Tobacco use is associated with erectile dysfunction (ED) via a number of mechanisms including vascular injury and oxidative stress in corporal tissue. Adipose derived stem cells (ADSC) have been shown to ameliorate vascular/corporal injury and oxidative stress by releasing cytokines, growth factors and antioxidants. We assessed the therapeutic effects of intracavernous injection of ADSC in a rat model of tobacco-associated ED. Thirty male rats were used in this study. Ten rats exposed to room air only served as negative controls. The remaining 20 rats were passively exposed to cigarette smoke (CS) for 12 weeks. At the 12-week time point, ADSC were isolated from paragonadal fat in all rats. Amongst the 20 CS exposed rats, 10 each were assigned to one of the two following conditions: (i) injection of phosphate buffered saline (PBS) into the corpora cavernosa (CS+PBS); or (ii) injection of autologous ADSC in PBS into the corpora cavernosa (CS+ADSC). Negative control animals received PBS injection into the corpora cavernosa (normal rats [NR] + PBS). After injections all rats were returned to their previous air versus CS exposure state. Twenty-eight days after injection, all rats were placed in a metabolic cage for 24-hour urine collection to be testing for markers of oxidative stress. After 24-hour urine collection all 30 rats also underwent erectile function testing via intracavernous pressure (ICP) testing and were then sacrificed. Corporal tissues were obtained for histological assessment and Western blotting. Mean body weight was significantly lower in CS-exposed rats than in control animals. Mean ICP, ICP /mean arterial pressure ratio, serum nitric oxide level were significantly lower in the CS+PBS group compared to the NR+PBS and CS+ADSC groups. Urine markers for oxidative stress were significantly higher in the CS+PBS group compared to the NR +PBS and CS+ADSC groups. Mean expression of corporal nNOS and histological markers for endothelial and smooth muscle cells was significantly lower, and tissue apoptotic index significantly higher, in the CS+PBS group compared to the NR+PBS and CS+ADSC groups. Our findings confirm that chronic tobacco exposure causes ultrastructural damage to the corporal tissue and increases systemic oxidative stress states. Treatment with ADSC ameliorates these adverse effects and holds promise as a potential therapy for tobacco-related ED.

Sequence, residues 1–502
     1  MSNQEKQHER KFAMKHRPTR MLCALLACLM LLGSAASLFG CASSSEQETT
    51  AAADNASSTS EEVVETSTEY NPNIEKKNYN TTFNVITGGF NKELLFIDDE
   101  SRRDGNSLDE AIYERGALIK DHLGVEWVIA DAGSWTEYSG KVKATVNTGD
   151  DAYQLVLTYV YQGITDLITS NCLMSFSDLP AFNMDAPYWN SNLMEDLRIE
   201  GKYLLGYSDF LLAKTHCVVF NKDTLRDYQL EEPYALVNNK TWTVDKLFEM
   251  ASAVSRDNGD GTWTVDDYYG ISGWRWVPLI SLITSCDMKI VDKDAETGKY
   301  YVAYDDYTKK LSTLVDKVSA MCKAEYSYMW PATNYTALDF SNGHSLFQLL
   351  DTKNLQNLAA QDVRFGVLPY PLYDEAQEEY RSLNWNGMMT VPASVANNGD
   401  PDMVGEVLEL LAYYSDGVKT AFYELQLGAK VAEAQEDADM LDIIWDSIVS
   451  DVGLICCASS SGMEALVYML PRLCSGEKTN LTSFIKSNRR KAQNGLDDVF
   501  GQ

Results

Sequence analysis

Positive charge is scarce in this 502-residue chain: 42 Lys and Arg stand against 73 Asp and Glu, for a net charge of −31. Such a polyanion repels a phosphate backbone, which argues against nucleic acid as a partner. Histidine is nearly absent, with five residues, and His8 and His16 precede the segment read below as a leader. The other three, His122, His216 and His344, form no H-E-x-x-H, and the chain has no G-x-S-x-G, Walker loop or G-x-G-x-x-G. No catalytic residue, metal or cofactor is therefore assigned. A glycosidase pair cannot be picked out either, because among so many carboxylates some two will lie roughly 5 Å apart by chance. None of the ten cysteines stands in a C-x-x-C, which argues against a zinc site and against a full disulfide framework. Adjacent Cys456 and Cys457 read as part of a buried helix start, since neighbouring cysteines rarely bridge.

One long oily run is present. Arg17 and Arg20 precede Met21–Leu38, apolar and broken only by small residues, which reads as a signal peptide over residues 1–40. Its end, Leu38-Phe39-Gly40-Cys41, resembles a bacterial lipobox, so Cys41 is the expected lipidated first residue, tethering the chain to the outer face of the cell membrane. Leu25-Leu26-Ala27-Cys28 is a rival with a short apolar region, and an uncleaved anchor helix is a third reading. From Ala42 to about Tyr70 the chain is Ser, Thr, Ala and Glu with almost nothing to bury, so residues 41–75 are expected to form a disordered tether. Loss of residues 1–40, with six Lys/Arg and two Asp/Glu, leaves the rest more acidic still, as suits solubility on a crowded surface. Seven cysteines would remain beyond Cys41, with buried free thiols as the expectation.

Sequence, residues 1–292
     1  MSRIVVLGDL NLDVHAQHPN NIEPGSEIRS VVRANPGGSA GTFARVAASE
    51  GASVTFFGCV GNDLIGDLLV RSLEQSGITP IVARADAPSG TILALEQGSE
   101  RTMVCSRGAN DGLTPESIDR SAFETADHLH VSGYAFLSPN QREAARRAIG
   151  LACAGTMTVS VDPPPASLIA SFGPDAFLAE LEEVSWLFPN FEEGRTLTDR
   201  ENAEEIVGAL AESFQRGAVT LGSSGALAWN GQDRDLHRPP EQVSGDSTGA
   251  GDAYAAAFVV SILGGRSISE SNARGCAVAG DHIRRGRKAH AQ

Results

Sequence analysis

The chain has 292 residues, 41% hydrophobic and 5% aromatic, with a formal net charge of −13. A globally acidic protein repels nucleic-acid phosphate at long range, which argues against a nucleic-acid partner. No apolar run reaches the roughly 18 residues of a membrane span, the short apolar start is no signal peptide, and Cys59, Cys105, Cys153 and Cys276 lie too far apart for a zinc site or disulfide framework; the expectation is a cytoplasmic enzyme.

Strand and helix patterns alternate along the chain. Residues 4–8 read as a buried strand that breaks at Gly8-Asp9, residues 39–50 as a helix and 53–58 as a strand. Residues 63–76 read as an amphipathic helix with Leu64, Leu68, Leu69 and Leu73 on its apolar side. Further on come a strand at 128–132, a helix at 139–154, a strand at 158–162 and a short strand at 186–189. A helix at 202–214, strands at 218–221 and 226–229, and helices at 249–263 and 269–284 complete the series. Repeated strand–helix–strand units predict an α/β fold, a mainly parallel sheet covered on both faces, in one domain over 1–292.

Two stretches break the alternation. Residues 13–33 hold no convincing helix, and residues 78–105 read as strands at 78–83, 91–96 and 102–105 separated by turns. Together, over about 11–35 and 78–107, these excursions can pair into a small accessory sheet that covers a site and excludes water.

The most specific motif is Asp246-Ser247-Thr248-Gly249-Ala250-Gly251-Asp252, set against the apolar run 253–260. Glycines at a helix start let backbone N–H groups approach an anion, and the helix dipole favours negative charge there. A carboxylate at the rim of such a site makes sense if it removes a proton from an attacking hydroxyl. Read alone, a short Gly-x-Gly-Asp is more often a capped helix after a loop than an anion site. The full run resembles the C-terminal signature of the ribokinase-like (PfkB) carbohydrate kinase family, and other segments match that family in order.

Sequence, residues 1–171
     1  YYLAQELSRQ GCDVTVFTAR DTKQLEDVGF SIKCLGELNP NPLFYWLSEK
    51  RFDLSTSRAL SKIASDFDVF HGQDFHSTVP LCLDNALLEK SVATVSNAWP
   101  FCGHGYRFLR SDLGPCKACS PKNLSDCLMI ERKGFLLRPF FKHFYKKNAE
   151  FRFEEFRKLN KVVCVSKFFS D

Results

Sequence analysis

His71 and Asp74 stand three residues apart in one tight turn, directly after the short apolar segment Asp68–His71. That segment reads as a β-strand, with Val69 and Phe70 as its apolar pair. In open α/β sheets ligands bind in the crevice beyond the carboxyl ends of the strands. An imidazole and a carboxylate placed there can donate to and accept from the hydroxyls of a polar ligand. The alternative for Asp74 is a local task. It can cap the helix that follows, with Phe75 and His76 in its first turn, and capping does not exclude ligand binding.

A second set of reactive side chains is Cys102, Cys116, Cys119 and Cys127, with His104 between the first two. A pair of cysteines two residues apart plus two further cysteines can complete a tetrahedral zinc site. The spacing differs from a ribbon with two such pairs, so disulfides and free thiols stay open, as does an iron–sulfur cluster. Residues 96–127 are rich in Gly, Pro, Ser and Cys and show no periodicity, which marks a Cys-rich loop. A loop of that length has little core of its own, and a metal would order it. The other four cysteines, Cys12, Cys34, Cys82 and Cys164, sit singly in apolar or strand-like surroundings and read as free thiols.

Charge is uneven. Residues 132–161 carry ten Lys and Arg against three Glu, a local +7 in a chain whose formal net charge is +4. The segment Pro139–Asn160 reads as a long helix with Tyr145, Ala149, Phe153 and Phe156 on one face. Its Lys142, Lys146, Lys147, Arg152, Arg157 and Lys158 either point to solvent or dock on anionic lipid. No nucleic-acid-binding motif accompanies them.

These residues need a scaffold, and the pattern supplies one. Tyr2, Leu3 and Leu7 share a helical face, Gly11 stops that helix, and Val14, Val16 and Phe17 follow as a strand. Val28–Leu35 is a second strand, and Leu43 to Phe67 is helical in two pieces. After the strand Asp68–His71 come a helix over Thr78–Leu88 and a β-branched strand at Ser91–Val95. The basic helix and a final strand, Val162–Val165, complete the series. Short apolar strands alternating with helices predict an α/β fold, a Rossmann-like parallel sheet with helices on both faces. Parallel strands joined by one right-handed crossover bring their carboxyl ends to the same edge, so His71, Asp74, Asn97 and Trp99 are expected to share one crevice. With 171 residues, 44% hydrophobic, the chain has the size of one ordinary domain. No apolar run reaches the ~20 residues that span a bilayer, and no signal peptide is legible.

Huang, Y. C., Kuo, Y. H., Huang, Y. H., Chen, C. S., Ho, D. R., & Shi, C. S. (2016). The effects of adipose-derived stem cells in a rat model of tobacco-associated erectile dysfunction. PLoS ONE, 11(6). https://doi.org/10.1371/journal.pone.0156725